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‘Tricky tactics’ in the Townsville blame game

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A cold realisation is seeping out of north Queensland as Townsville begins its recovery from its unprecedented floods – most inundated businesses did not insure for flood and could be facing ruin as a result.

Politicians have, of course, wasted no time deciding who’s to blame.

Townsville Mayor Jenny Hill says she is hearing horror stories of insurance customers being “dudded”.

“I’ve already heard too many stories about dodgy insurance practices – particularly relating to small business claims,” Cr Hill said.

“Small business owners and residents buy insurance in good faith and then appear to be being ripped off by the fine print of the contract. It’s simply not good enough.”

Deputy Mayor Les Walker has joined the fray, saying it is “appalling” that some insurers are “trying to wriggle out of their responsibilities on a technicality”.

And the comments keep on coming, from both sides of the political divide.

“Insurers must not use loopholes to deny payment of insurance claims,” Deputy Premier Jackie Trad tweeted.

Queensland Opposition Leader Deb Frecklington said: “Insurance companies must ditch these tricky tactics and pay out on their policies.”

None of this is new. It’s almost routine for politicians to lash out at insurers even as millions of insurance dollars start pouring into a devastated area. But if you’re not adequately insured you’re going to be disappointed, and there are always politicians ready and willing to race to their side, randomly shooting from the lip.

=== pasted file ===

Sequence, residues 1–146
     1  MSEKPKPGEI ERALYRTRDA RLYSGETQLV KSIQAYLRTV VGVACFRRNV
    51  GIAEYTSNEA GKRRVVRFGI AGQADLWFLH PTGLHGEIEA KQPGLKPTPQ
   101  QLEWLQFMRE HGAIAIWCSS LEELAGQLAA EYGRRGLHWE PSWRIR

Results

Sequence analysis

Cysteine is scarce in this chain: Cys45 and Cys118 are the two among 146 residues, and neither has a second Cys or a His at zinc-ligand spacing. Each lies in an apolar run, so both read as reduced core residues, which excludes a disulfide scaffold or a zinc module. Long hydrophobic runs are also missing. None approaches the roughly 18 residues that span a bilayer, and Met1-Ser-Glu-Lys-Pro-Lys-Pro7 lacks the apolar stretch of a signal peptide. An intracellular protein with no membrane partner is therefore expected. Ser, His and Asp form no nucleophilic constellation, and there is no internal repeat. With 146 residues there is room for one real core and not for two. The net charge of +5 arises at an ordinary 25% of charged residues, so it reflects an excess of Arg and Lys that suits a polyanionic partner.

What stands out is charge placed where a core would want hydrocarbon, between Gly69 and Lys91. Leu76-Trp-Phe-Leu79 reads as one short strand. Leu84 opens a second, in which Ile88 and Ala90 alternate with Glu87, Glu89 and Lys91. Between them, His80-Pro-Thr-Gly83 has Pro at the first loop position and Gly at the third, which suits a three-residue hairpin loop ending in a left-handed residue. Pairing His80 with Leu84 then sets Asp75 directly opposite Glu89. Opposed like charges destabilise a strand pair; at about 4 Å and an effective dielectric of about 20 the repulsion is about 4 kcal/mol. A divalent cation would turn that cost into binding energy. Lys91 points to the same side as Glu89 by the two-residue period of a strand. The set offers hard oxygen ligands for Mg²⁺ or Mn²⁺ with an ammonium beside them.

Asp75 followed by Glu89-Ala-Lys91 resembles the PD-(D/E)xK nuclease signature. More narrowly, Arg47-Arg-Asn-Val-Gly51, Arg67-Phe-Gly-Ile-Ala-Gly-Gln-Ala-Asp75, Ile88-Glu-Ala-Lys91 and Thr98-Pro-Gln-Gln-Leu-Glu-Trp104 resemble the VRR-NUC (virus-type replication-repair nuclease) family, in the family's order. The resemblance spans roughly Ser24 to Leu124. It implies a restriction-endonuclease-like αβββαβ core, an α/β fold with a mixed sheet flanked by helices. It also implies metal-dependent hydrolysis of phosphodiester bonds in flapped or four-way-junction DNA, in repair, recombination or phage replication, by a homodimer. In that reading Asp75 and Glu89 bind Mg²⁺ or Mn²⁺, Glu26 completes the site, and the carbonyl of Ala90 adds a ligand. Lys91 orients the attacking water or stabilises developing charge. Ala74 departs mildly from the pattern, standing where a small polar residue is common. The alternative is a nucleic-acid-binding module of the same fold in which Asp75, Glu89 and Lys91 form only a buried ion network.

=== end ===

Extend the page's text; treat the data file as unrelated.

The Insurance Council of Australia (ICA) can do little else than state calmly that insurers will deal with claimants “swiftly, fairly and compassionately”, and that the response to the Townsville catastrophe is the fastest on record.

Townsville businesses have everybody’s sympathy, but the stark fact remains: if they didn’t buy flood cover they can’t expect insurance payouts for flood damage. And the difference between storm damage and flood damage should no longer confuse anybody.

LMI Group CEO Allan Manning, who has prepared a white paper on the issue, says people cannot assert they didn’t know they weren’t covered.

“I cannot accept for a minute that the majority of people did not realise they were not insured for flood,” he says. “The whole issue has received national coverage many times in the past, particularly following the 2010-11 Queensland floods.

“You would have had to live under a rock or have taken an ‘it will never happen to me’ attitude to not have been prompted to look at this issue when taking out or renewing insurance.”

It’s still unclear why so many are not covered, but theories are coming thick and fast.

Was it too expensive? Did people look at flood maps and believe they were not in danger? Did brokers fail to explain the risks?